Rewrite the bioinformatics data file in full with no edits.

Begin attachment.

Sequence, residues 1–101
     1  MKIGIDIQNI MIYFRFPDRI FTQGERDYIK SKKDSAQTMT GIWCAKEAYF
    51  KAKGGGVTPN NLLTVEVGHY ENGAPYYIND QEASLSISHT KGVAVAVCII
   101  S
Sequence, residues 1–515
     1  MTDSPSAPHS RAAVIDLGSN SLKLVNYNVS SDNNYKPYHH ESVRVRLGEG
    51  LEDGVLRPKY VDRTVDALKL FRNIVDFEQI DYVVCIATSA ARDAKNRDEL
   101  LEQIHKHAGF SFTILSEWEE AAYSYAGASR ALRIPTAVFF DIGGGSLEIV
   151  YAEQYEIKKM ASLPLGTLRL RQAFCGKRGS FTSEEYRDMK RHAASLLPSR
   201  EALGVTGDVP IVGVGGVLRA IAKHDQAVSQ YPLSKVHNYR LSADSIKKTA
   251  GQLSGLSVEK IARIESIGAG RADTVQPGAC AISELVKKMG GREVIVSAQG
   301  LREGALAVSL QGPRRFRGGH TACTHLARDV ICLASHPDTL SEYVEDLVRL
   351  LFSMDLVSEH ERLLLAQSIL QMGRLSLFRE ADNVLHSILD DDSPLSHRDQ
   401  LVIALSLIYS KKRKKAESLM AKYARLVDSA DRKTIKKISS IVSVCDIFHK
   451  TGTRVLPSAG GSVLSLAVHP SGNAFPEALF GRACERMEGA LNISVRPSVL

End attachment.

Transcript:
Sequence, residues 1–101
     1  MKIGIDIQNI MIYFRFPDRI FTQGERDYIK SKKDSAQTMT GIWCAKEAYF
    51  KAKGGGVTPN NLLTVEVGHY ENGAPYYIND QEASLSISHT KGVAVAVCII
   101  S
Sequence, residues 1–515
     1  MTDSPSAPHS RAAVIDLGSN SLKLVNYNVS SDNNYKPYHH ESVRVRLGEG
    51  LEDGVLRPKY VDRTVDALKL FRNIVDFEQI DYVVCIATSA ARDAKNRDEL
   101  LEQIHKHAGF SFTILSEWEE AAYSYAGASR ALRIPTAVFF DIGGGSLEIV
   151  YAEQYEIKKM ASLPLGTLRL RQAFCGKRGS FTSEEYRDMK RHAASLLPSR
   201  EALGVTGDVP IVGVGGVLRA IAKHDQAVSQ YPLSKVHNYR LSADSIKKTA
   251  GQLSGLSVEK IARIESIGAG RADTVQPGAC AISELVKKMG GREVIVSAQG
   301  LREGALAVSL QGPRRFRGGH TACTHLARDV ICLASHPDTL SEYVEDLVRL
   351  LFSMDLVSEH ERLLLAQSIL QMGRLSLFRE ADNVLHSILD DDSPLSHRDQ
   401  LVIALSLIYS KKRKKAESLM AKYARLVDSA DRKTIKKISS IVSVCDIFHK
   451  TGTRVLPSAG GSVLSLAVHP SGNAFPEALF GRACERMEGA LNISVRPSVL